Image by Jespahjoy.
Just before moving to our new home here on Scienceblogs, I asked our readers for ideas on what types of content they would like to see here on Obesity Panacea. One topic that came up several times was the issue of injuries. I'm not sure why we haven't discussed injuries in the past (aside from the fact that it's not the focus of our research), but it was a great idea, and I've come across a study on the topic that I think will be of real interest.
........ Read more »
Janney, C., & Jakicic, J. (2010) The influence of exercise and BMI on injuries and illnesses in overweight and obese adults: a randomized control trial. International Journal of Behavioral Nutrition and Physical Activity, 7(1), 1. DOI: 10.1186/1479-5868-7-1
In the past few years several prominent researchers have argued for the adoption of taxes on junk food as a means of reducing their consumption. Often, as in a recent editorial in the New England Journal of Medicine, the argument is made that money collected through the tax could then be used to subsidize healthier foods. This is an idea that I've found very appealing - we make the bad foods more expensive, the good foods less expensive, and people will probably shift at least some of their p........ Read more »
Epstein, L., Dearing, K., Roba, L., & Finkelstein, E. (2010) The Influence of Taxes and Subsidies on Energy Purchased in an Experimental Purchasing Study. Psychological Science, 21(3), 406-414. DOI: 10.1177/0956797610361446
Nope, not even close, although I doubt it will stop big food from marketing Activia yogurt and others as a solution for expanded waistlines.... Read more »
Kadooka, Y., Sato, M., Imaizumi, K., Ogawa, A., Ikuyama, K., Akai, Y., Okano, M., Kagoshima, M., & Tsuchida, T. (2010) Regulation of abdominal adiposity by probiotics (Lactobacillus gasseri SBT2055) in adults with obese tendencies in a randomized controlled trial. European Journal of Clinical Nutrition. DOI: 10.1038/ejcn.2010.19
Well, in fairness, Jesus' twelve Apostles should also share in the blame.
An incredibly quirky and yet fascinating study was just published in the International Journal of Obesity which investigated the size of the food and plates that have been depicted in paintings of Jesus' Last Supper over the last 1000 years.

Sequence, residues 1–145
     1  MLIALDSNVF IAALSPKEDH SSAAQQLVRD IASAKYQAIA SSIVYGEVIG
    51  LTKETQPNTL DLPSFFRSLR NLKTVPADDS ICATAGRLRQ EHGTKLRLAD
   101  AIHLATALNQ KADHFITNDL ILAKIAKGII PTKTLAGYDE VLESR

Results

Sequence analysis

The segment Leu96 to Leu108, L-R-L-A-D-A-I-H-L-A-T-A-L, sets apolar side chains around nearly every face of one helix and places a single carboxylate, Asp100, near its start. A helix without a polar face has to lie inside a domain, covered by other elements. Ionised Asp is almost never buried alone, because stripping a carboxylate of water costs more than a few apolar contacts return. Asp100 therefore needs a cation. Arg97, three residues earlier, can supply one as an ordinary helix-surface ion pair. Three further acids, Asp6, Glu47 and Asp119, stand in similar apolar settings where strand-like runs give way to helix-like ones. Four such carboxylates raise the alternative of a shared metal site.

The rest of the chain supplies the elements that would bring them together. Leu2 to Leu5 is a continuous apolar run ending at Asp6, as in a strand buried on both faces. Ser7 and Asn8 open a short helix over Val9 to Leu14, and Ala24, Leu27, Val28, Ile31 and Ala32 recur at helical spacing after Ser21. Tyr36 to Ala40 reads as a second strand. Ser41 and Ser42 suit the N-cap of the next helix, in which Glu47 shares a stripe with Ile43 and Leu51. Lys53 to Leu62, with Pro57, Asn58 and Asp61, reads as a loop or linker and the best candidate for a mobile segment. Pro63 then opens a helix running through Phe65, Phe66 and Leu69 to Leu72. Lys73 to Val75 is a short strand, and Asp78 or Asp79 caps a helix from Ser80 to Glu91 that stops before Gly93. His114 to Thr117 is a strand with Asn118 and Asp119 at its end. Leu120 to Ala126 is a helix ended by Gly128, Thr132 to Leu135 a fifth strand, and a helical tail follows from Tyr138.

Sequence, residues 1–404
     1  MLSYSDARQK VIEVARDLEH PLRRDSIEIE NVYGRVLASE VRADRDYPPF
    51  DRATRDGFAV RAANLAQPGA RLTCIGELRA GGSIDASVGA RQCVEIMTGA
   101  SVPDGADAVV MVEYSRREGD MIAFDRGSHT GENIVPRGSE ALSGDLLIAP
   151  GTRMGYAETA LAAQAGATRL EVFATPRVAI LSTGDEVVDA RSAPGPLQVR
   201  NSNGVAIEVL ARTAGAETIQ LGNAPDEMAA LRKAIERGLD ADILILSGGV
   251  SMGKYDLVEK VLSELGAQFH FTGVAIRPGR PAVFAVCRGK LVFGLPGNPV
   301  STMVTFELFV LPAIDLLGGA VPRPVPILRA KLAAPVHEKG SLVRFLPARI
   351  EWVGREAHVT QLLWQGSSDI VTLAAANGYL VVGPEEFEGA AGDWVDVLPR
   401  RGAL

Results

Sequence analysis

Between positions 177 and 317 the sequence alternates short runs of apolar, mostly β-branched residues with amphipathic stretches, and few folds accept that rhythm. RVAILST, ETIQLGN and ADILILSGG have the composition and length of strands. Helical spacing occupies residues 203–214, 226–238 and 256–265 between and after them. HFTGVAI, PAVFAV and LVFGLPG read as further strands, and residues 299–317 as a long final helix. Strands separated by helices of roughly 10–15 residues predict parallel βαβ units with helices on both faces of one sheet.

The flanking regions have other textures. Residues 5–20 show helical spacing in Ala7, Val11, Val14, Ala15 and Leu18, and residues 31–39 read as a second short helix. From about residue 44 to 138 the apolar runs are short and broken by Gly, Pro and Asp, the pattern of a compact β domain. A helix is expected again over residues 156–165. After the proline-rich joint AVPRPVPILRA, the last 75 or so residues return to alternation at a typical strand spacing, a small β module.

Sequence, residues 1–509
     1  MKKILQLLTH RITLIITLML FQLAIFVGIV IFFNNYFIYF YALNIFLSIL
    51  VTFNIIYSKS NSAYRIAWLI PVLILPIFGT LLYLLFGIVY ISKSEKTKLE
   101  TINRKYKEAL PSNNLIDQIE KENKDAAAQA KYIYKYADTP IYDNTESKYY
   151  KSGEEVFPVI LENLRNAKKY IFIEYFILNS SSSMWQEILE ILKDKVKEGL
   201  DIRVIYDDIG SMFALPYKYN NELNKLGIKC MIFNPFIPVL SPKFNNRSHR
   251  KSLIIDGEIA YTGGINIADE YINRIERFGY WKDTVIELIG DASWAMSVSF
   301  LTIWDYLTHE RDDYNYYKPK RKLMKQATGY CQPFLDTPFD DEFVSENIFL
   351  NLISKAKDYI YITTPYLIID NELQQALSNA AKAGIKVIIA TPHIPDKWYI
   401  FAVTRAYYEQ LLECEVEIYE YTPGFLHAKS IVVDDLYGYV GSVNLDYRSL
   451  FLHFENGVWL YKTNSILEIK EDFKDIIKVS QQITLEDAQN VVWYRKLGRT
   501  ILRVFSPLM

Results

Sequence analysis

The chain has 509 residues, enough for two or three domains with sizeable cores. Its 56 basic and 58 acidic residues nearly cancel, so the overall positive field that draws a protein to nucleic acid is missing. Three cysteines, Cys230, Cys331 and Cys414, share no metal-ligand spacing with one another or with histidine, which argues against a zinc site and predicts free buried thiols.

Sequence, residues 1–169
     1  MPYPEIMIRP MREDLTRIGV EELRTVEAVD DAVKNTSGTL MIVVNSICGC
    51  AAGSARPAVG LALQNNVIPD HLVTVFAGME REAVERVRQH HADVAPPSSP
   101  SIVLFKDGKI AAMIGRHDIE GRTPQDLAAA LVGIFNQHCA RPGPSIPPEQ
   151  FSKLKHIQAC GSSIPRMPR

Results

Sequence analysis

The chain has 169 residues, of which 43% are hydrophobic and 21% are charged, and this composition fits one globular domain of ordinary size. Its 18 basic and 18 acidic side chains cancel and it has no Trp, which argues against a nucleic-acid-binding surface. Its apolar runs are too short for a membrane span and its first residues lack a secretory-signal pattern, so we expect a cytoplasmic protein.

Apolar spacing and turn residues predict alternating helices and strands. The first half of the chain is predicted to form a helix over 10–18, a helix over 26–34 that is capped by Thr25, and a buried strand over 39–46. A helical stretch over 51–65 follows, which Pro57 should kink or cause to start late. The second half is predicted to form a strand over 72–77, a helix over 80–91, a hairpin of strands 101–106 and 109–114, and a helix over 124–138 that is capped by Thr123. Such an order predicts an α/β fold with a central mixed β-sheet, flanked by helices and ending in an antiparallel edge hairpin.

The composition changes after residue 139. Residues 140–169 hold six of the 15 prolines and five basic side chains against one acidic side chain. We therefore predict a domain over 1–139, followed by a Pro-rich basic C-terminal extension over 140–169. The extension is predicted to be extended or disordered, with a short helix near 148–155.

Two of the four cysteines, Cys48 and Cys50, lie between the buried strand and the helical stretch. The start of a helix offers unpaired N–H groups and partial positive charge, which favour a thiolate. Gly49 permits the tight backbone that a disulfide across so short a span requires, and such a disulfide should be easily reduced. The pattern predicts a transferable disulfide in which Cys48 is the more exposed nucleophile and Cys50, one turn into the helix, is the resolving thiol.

... Read more »
Over the next few months, Peter and I will be re-posting some of our favourite posts from our Obesity Panacea archives. The following article was originally posted on December 2, 2009.
Image by Mike Baird.
There is a surprising amount of controversy about the ability of physical activity to prevent the development of obesity. Sure, obese individuals tend to perform less physical activity than their lean counterparts, but that doesn't prove causation. And almost every week it seems th........ Read more »
Riddoch, C., Leary, S., Ness, A., Blair, S., Deere, K., Mattocks, C., Griffiths, A., Davey Smith, G., & Tilling, K. (2009) Prospective associations between objective measures of physical activity and fat mass in 12-14 year old children: the Avon Longitudinal Study of Parents and Children (ALSPAC). BMJ, 339(nov26 2). DOI: 10.1136/bmj.b4544
Do you write about peer-reviewed research in your blog? Use ResearchBlogging.org to make it easy for your readers — and others from around the world — to find your serious posts about academic research.
If you don't have a blog, you can still use our site to learn about fascinating developments in cutting-edge research from around the world.
Research Blogging is powered by SMG Technology.
To learn more, visit seedmediagroup.com.